And all the oldies breathe a sigh of relief. Problem solved in the nicest possible way.

Except for one little thing: the oldies have just passed the buck to some unknown bunch of young people. What causes natural attrition to get quick results is the decision to abandon the annual intake of young people at the entry level.

For youngsters there's a form of bad luck that isn't widely recognised by those of us already ensconced in the workforce: to have the misfortune to be leaving school or university at a time when the economy has turned down and few employers are taking on recruits.

Kids complete their education bright-eyed and bushy-tailed, only to discover the world of work doesn't want them. It might take them a year, even 18 months, to get a proper, full-time job. That can be terribly dispiriting.

It's common at such times for young people to be caught in a trap where they can't get a job because they lack experience, but they lack experience because they can't get a job.

It's an appalling thing for the rising generation to get off on such a wrong foot. It can take years to recover, if you ever do.

At the time of the global financial crisis in late 2008 and 2009, we were all hugely relieved when, as it turned out, we escaped serious recession. The official rate of unemployment rose from 4 per cent to just 5.8 per cent before falling back.

We were all off the hook. Well, only the oldies. The truth is there was a sharp downturn and employers did react by going into natural-attrition mode, with some even moving briefly to four-day weeks.

Great. What few people noticed was that much of the burden of adjustment was shucked off on to that year's crop of education leavers. How much concern for their welfare? Not a lot.

We do hear a lot about the trouble some older people find in regaining employment should they lose their jobs. It's a genuine problem and one we should care about.

But the unemployment problems of the old seem to attract a lot more public attention – and sympathy – than the similar problems of the young.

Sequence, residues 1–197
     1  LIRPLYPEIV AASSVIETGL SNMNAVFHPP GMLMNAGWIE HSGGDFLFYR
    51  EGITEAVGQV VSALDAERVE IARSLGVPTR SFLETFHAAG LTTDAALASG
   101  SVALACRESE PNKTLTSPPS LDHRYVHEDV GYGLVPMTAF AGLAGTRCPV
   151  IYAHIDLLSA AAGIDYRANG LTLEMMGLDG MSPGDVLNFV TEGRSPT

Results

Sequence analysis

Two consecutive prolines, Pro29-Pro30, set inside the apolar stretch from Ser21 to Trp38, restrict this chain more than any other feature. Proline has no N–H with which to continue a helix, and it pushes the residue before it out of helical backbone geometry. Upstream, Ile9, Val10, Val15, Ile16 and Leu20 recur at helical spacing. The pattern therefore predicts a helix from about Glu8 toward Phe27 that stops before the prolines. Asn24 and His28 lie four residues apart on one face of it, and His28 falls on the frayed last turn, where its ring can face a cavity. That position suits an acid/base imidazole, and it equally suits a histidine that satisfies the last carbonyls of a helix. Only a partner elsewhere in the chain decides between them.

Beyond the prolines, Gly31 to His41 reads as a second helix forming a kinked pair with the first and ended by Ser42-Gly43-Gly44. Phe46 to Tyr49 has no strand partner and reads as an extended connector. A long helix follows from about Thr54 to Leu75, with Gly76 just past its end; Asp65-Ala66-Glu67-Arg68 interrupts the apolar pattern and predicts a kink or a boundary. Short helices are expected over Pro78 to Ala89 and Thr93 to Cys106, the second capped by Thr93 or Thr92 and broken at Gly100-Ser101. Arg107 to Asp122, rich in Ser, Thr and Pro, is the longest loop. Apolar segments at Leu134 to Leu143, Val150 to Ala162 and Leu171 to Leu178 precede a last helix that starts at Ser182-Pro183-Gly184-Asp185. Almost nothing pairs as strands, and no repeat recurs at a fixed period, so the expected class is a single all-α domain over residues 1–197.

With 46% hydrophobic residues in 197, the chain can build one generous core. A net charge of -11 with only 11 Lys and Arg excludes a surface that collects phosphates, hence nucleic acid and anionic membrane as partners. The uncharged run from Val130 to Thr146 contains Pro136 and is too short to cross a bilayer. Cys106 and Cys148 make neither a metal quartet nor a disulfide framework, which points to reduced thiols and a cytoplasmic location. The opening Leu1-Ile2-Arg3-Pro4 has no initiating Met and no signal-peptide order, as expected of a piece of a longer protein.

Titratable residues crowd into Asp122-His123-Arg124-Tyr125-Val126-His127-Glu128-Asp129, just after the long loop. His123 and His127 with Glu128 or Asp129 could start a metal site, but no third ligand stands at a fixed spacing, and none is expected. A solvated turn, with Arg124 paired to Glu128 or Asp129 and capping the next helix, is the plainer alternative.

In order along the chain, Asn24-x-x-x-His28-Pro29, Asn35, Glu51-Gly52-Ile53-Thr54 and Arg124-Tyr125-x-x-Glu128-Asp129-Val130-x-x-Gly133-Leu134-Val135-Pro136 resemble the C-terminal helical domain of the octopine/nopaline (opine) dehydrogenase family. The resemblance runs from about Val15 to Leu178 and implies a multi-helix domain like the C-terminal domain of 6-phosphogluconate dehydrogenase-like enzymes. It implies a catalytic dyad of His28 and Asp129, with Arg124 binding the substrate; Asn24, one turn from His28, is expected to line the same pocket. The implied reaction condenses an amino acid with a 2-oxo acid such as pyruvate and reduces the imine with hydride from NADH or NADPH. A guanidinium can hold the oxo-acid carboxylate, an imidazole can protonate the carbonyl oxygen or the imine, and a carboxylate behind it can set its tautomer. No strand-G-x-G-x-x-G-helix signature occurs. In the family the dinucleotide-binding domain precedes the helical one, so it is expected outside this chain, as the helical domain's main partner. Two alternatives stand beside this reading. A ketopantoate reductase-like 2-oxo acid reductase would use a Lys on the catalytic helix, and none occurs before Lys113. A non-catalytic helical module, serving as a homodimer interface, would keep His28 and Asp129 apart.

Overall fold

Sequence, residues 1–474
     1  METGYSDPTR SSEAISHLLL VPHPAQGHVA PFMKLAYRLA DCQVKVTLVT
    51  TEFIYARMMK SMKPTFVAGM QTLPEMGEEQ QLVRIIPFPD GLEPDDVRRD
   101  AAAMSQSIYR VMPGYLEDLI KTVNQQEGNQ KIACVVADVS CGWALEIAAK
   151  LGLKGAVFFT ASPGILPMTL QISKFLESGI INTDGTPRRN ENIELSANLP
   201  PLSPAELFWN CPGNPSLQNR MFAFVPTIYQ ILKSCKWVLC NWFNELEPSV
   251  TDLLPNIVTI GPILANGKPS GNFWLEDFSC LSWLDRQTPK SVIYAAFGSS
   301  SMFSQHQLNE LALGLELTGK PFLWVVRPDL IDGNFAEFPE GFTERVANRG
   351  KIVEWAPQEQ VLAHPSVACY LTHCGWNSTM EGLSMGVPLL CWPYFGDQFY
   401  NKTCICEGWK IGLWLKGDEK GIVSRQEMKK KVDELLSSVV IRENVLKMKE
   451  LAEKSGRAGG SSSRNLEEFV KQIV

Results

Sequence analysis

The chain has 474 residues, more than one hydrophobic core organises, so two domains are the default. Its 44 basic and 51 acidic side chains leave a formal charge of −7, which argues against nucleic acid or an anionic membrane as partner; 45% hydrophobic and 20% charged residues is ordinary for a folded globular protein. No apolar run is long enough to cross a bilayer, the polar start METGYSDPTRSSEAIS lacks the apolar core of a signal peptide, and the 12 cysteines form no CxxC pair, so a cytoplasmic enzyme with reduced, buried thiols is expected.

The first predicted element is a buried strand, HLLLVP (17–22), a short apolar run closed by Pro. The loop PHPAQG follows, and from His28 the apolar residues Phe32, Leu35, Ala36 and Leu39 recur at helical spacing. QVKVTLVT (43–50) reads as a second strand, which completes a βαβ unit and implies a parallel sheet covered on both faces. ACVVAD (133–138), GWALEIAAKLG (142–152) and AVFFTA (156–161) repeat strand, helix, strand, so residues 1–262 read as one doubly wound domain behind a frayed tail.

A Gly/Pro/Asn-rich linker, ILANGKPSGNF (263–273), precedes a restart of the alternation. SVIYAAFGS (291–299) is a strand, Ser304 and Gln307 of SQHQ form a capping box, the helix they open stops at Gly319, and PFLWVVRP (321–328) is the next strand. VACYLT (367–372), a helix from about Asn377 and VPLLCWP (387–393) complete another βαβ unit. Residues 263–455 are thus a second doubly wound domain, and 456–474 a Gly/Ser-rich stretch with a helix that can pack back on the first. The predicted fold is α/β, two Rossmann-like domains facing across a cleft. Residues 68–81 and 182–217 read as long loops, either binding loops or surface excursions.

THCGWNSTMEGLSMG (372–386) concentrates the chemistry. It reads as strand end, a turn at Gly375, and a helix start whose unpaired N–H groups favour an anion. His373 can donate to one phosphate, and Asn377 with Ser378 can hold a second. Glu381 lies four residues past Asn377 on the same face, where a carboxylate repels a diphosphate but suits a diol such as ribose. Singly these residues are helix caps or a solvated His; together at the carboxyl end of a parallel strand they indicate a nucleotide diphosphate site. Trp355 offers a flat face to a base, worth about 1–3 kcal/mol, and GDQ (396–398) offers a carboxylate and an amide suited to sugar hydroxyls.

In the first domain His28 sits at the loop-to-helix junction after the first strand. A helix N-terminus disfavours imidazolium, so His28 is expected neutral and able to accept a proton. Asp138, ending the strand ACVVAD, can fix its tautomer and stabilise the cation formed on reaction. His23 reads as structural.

Research by the Brotherhood of St Laurence using HILDA – the household income and labour dynamics in Australia survey – finds those aged 55 and over account for just 8 per cent of the unemployed, whereas those aged under 25 make up more than 40 per cent.

So unemployment is concentrated among the young. And, historically, the sad truth is it's concentrated among the less educated and less skilled.

In the modern technologically driven workforce, there are many fewer jobs for people who quit school early and for those who don't acquire post-school trade or tertiary qualifications. What unskilled jobs remain tend to be casual and occupied by university students or mothers.

In 2008, according to the Brotherhood's figures, 45 per cent of the unemployed had failed to complete year 12, with another 20 per cent having gone no further than year 12. That's almost two-thirds.

People with trade qualifications made up just 16 per cent of total unemployment, with those with university qualifications accounting for an unusually high 19 per cent.

In more recent years, unemployment has been rising slowly while, within that, the rate of unemployment among 15 to 24-year-olds has risen more rapidly. Among those teenagers who are either in jobs or actively seeking them, the rate of unemployment earlier this year was 20 per cent.

But now get this: by 2012, according to the HILDA survey, the proportion of the unemployed with uni qualifications had jumped to 25 per cent.

To me, that's easily explained: years of weak growth in the economy are leading many employers to engage in natural attrition, which is limiting job losses among established workers, but making it much harder for university leavers to find work.

Governments can't be blamed for the employment practices of businesses, but they can be held accountable for their punitive treatment of the young unemployed – even if they are reflecting the adult world's lack of sympathy for youthful job seekers. Oldies seem convinced that the young's only problem is that they don't want to work and so need to be starved back to the grindstone.

The dole has been allowed to fall way below the age pension so that it's now less than $260 a week for a single adult. The "youth allowance" is even lower. Now the ever-so-caring Abbott government wants to raise the age of adulthood from 21 to 25 and extend the non-adult waiting period from one week to four weeks.